When I first came to Argentine tango (I’d not experienced this phenomenon in my earlier dance history), I developed the chauvinistic attitude of what does the follower get out of it? Nearly all the attention seems to be paid to the leader, and to listen to some teachers you’d think the leader controls everything the follower does down to the nth degree. But when you see gifted dancing by followers such as Daniela Arcuri and Noelia Hurtado you realize how naive it is to not appreciate how much the follower independently contributes to the dance, and how they support and make their leader look good.

But I don’t get many opportunities to follow. Teachers use it as a way to show what the lead should feel like. In classes where there are too few followers, I’ll follow, but that’s not really the same experience as a dance at a milonga. There are a handful of women I know in Austin who sometimes or full time lead, and only one who sometimes leads men (and more often follows beautifully).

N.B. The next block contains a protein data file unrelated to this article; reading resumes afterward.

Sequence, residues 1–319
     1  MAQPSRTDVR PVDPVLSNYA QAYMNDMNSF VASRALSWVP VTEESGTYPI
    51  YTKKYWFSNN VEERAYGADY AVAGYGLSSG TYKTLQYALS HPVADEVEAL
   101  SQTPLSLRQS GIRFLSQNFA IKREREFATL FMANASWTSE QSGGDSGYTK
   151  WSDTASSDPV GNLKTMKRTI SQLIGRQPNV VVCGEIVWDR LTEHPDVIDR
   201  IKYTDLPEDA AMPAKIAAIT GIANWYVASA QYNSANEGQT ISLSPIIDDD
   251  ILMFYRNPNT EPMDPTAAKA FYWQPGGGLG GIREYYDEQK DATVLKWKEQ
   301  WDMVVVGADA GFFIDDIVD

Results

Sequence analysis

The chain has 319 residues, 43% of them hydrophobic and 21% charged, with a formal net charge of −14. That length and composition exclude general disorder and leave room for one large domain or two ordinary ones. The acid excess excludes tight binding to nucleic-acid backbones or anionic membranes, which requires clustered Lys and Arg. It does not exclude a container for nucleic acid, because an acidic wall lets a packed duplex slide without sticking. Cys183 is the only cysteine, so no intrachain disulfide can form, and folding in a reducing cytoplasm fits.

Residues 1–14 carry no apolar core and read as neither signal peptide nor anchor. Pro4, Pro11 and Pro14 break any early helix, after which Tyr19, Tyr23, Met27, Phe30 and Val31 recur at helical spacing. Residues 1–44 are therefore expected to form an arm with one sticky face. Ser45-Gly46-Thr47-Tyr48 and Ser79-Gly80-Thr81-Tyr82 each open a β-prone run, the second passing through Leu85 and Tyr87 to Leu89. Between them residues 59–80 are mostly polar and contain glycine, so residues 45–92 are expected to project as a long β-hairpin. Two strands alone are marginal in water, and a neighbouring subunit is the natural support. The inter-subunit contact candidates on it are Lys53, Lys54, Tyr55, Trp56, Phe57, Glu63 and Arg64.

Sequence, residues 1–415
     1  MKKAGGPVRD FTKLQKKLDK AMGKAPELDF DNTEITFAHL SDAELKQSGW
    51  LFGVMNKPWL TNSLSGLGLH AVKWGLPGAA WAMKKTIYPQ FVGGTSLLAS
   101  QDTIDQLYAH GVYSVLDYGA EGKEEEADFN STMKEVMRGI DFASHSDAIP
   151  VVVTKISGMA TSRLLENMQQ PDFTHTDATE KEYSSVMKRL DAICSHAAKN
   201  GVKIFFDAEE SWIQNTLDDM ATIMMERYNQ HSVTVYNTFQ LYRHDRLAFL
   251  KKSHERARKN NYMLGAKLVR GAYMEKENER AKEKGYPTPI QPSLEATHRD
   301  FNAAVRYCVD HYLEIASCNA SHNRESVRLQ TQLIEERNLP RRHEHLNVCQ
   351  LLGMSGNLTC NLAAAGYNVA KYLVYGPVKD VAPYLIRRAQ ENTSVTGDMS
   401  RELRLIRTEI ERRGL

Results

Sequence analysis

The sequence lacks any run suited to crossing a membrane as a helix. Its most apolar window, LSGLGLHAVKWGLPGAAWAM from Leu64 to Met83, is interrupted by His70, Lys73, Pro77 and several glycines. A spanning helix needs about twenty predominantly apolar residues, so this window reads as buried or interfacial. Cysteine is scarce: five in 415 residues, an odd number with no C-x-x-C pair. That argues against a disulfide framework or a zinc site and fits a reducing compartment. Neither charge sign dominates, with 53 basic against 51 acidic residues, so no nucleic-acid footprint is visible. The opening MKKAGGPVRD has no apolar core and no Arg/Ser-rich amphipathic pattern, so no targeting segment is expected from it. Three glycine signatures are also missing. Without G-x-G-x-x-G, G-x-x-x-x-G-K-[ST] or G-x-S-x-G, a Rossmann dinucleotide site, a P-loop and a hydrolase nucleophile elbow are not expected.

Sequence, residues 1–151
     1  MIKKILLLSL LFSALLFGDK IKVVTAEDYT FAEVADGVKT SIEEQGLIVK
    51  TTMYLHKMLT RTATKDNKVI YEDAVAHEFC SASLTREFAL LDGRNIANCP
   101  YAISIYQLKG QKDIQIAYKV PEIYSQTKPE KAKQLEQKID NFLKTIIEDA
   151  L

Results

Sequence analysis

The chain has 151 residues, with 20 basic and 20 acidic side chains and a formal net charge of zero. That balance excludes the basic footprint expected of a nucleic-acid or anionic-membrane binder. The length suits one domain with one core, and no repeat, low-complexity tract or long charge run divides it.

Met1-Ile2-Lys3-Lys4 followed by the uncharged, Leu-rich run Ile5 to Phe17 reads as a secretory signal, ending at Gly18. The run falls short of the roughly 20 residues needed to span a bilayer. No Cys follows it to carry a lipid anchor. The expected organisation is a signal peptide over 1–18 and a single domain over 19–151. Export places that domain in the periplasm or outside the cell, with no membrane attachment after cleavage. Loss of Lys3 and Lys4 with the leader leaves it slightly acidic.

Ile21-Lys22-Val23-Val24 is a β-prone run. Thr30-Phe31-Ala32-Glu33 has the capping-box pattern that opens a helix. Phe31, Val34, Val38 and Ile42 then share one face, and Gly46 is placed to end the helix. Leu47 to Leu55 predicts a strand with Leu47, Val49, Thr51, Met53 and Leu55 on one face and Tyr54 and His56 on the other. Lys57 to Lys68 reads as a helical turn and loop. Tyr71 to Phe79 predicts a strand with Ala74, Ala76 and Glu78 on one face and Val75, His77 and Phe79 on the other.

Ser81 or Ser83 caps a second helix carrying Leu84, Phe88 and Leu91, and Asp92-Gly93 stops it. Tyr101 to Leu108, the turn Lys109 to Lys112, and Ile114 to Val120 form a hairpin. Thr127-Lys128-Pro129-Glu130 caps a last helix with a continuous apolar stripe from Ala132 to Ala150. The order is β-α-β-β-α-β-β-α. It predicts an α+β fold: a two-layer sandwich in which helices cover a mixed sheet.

When I mentioned as a comment to the Facebook blog of Terpsichoral Tangoaddict about the utility and interesting experience of following, they suggested going to queer milongas. So when I saw a Tango Queer Buenos Aires blog in the latest issue of the Tango Weekly email newspaper I went to check it out.

Tango Queer logo with female couple

Tango Queer Buenos Aires blog

Their What is Tango Queer? page made an impression for its common sense, broad coverage, and deeply thought out expression of ideals. No simplistic guys-dance-with-guys and gals-dance-with-gals and sexual shenanigans. Not only does it go beyond role stereotypes and advocate role versatility — something I, too, have been advocating, but it also covers origins use of the word queer, queer as a symbol, tango as a symbol, communications, women in society, tango in society, and artistic expression.

Felices caminar!
–David